KANSAS CITY, Mo. — The area at 103rd and State Line in South Kansas City was once considered a dying area. Businesses left. Store fronts stood empty.
But that’s all changing.
During the Wednesday lunch rush at Cacao, the tables were full, and the servers were busy.
The restaurant opened in July at State Line Shopping Center on the northeast corner of 103rd and State Line. And already, business is heating up.
Twenty years ago, Afonso Esqueda worked in this shopping center with his Uncle Victor. In fact, it was next door at what was then Guadalajara Cafe.
“For several years, it was empty,” Esqueda said of the shopping center back then. “I mean, this area, all the spaces were empty.”
Even Guadalajara Cafe left in 2012. But in 2018, the Esqueda family came back with Cacao because commerce came back.
“They are trying to renew the area,” he said. “For us, it’s that right moment.”
The Tesla dealership is slated to move from the Plaza to the State Line Shopping Center. New restaurants with new concepts (like a Panera Drive-Thru) are moving in.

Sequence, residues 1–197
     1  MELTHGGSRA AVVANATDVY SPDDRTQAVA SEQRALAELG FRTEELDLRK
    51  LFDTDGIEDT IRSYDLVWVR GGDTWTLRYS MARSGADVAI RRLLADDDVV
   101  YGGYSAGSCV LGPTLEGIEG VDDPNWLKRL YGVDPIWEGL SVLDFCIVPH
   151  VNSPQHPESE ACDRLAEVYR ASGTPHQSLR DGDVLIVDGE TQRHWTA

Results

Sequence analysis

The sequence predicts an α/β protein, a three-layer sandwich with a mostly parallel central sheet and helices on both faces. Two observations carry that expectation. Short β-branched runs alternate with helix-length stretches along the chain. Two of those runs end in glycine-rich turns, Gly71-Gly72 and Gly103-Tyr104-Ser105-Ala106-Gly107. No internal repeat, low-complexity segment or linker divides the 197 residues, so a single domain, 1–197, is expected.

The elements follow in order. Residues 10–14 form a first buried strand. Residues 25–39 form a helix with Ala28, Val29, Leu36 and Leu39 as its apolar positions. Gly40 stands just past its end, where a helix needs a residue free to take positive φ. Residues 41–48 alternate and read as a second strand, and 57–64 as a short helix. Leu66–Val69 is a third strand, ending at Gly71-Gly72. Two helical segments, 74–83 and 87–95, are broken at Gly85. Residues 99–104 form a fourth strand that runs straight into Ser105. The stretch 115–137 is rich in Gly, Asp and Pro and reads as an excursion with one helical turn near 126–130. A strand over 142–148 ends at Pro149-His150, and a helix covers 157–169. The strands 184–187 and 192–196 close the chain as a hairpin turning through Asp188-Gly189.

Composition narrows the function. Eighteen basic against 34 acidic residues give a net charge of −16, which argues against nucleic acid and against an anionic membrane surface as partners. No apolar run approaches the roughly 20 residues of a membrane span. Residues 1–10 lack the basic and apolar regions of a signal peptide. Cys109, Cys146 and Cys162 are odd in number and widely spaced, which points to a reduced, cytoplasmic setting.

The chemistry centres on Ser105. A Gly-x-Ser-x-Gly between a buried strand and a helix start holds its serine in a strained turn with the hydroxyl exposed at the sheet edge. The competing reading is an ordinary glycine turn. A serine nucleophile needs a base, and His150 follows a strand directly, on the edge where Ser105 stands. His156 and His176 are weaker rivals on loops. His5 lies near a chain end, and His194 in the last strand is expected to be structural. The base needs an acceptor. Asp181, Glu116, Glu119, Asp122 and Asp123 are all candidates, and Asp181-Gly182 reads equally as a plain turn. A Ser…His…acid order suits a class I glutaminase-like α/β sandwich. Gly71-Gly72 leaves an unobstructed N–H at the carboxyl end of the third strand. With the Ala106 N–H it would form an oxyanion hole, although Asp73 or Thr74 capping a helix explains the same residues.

The South Kansas City Chamber of Commerce President Vickie Wolgast said the development isn’t limited to 103rd and State Line. It spreads south to Red Bridge and Holmes, to Martin City and even Raymore.
Wolgast credits Cerner for bringing a campus to South Kansas City. It’s 6 miles from 103rd and State Line, and the campus is predicted to bring as many as 15,000 people to the area.
“I think that has really gotten people really excited about being out here,” Wolgast said, “and moving businesses out here that can service those employees.
She also noted several other employers are now located in South Kansas City area, including Honeywell and Burns and McDonnell.
“It really is a rebirth for Kansas City,” Wolgast said, “and we’re seeing a lot of great development out here.”
Businesses like Cacao find that very appetizing.
But other businesses nearby have had to adjust. Just down 103rd toward Wornall is a place hit hard by flooding, twice, in 2017.
The strip mall and two surrounding buildings have been purchased by the city of Kansas City. City crews plan to demolish the three buildings this spring or early summer. It will turn the area into a Greenspace, along with a small parking area at the Indian Creek Trailhead.